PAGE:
From the Pensito Review. Too good to miss. (H-T randi)
American Conservative Mag Mocks Petraeus As ‘Sycophant Savoir’ - Will Congress Condemn It Like They Did the Moveon.org Ad?
The cover of the October 8, 2007, issue of Pat Buchanan’s magazine, American Conservative, shows a photo of Gen. David Petraeus under the headline, “Sycophant Savior.” The cover story is subheaded, “General Petraeus wins a battle in Washington — if not in Baghdad.” It's all here.
Beyond the headline, the American Conservative article is harshly critical of the general and the partisan political role he has chosen to play. The writer, Andrew J. Bacevich, describes Petraeus as a “politcal general of the worst kind — one who indulges in the politics of accommodation that is Washington’s bread and butter but has thereby deferred a far more urgent political imperative, namely, bringing our military policies into harmony with our political purposes.”
Bacevich accuses Petraeus of deploying a strategy in Iraq that is designed to succeed politically in Washington, not militarily in Iraq:
"Petraeus has chosen a middle course, carefully crafted to cause the least amount of consternation among various Washington constituencies he is eager to accommodate. This is the politics of give and take, of horse trading, of putting lipstick on a pig. Ultimately, it is the politics of avoidance."
Petraeus’ critics make a good case, says Bacevich, when they accuse him of “…relying on dubious statistics, with ignoring facts that he finds inconvenient, and with discovering trends where none exist. They question whether to credit the much-touted progress in Anbar province to American shrewdness or to the vagaries of Iraqi sectarian and tribal politics. They cite the pathetic performance of the corrupt and dysfunctional Iraqi government. They note the disparity between the Petraeus assessment and those offered by the intelligence community, by the Government Accountability Office, and by congressionally appointed blue-ribbon commissions. They point out that other highly qualified and well-informed senior military officers — notably, Gen. George Casey, the army chief of staff, and Adm. William Fallon, commander of United States Central Commad –have publicly expressed views notably at odds with those of General Petraeus.”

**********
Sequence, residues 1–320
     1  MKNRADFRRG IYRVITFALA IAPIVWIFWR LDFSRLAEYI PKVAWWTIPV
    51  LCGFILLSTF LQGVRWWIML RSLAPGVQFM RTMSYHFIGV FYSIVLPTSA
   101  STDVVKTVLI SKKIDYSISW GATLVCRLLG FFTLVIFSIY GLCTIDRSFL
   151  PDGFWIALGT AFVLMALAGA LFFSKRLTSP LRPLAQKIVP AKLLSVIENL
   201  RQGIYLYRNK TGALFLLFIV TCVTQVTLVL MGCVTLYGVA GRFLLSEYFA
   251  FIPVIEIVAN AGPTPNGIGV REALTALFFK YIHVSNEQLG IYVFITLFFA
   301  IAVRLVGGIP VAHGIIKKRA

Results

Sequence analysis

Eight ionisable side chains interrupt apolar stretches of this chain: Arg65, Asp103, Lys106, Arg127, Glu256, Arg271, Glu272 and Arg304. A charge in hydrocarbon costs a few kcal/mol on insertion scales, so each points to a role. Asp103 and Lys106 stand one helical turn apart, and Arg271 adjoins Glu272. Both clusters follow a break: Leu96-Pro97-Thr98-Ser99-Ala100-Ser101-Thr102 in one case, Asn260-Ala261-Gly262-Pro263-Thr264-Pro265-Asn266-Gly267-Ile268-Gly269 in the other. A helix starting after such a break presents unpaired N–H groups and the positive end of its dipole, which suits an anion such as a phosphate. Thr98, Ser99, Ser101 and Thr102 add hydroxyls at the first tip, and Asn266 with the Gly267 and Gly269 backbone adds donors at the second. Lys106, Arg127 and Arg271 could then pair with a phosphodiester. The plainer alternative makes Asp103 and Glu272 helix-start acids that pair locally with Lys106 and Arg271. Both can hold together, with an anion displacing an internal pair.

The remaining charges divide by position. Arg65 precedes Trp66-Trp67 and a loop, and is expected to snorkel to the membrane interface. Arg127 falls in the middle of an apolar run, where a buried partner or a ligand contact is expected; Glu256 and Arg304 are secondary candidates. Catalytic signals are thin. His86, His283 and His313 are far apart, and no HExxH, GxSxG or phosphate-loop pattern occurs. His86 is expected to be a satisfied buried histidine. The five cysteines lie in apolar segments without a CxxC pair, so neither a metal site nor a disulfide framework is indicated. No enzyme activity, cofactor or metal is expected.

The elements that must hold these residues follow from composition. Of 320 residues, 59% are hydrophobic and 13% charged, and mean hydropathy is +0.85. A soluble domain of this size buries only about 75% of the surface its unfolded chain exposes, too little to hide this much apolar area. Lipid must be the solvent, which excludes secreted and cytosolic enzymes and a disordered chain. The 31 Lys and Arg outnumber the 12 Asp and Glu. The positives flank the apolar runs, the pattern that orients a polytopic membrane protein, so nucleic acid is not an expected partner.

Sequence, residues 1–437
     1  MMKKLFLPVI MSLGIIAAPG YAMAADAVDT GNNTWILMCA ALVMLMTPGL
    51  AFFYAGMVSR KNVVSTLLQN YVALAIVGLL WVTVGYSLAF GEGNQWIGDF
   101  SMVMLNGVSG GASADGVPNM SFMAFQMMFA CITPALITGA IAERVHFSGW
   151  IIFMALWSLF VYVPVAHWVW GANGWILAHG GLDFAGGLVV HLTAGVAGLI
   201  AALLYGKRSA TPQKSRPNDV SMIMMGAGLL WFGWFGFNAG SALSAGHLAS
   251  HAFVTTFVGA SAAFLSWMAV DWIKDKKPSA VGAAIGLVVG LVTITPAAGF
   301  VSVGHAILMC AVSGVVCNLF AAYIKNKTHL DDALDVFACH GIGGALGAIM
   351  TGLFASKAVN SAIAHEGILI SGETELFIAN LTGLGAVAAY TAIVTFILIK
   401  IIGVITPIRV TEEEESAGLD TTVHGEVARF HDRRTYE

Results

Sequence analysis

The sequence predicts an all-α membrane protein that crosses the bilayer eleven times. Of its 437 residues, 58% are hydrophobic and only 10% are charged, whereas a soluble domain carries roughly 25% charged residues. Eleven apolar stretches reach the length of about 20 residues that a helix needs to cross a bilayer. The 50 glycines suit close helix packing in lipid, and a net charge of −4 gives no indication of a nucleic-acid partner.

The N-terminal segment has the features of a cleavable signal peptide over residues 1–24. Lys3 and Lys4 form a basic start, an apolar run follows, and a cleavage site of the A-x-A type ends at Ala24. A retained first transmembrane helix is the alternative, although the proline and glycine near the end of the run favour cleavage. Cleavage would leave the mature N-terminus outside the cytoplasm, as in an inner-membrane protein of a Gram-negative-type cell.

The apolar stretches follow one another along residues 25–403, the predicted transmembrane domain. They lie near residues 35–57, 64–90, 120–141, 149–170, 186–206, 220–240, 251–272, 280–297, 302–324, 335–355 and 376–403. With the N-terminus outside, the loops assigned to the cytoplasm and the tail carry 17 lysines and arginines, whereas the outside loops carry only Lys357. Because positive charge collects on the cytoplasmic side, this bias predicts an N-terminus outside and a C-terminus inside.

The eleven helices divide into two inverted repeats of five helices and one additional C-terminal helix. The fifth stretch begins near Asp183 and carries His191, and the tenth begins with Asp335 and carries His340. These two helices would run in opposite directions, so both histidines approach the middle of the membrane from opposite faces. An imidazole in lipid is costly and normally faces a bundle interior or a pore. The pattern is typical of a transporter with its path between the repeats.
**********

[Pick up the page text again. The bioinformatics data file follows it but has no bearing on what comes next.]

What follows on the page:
If the surge is working, as Petraeus claimed in his congressional testimony, a strong military leader would exploit the opportunities provided by the increased security by pouring in resources to bring the enemy to bay. Instead, Petraeus recommends ending the surge by reducing forces. The only reason for acting in such a counter-military way, Bacevich suggests, is politics. The strategy has nothing to do with “victory” in Iraq, and everything to do with appeasing Petraeus’ interest groups in Washington, including the Joint Chiefs of Staff, moderate Republicans in Congress (as well as the Democrats) and even Pres. Bush.
"Politically, it qualifies as a brilliant maneuver. The general’s relationships with official Washington remain intact. Yet he has broken faith with the soldiers he commands and the Army to which he has devoted his life. He has failed his country. History will not judge him kindly."
When Moveon.org criticized Petraeus for many of these same reasons in its much vilified ad with the headline, “General Petraeus or General Betray Us? Cooking the books for the White House,” the Senate passed a resolution condemning the liberal group that read:
To express the sense of the Senate that General David H. Petraeus, Commanding General, Multi-National Force-Iraq, deserves the full support of the Senate and strongly condemn personal attacks on the honor and integrity of General Petraeus and all members of the United States Armed Forces.
We’ll be waiting (but not holding our breath) to see if anyone drafts a similar measure condemning the American Conservative magazine.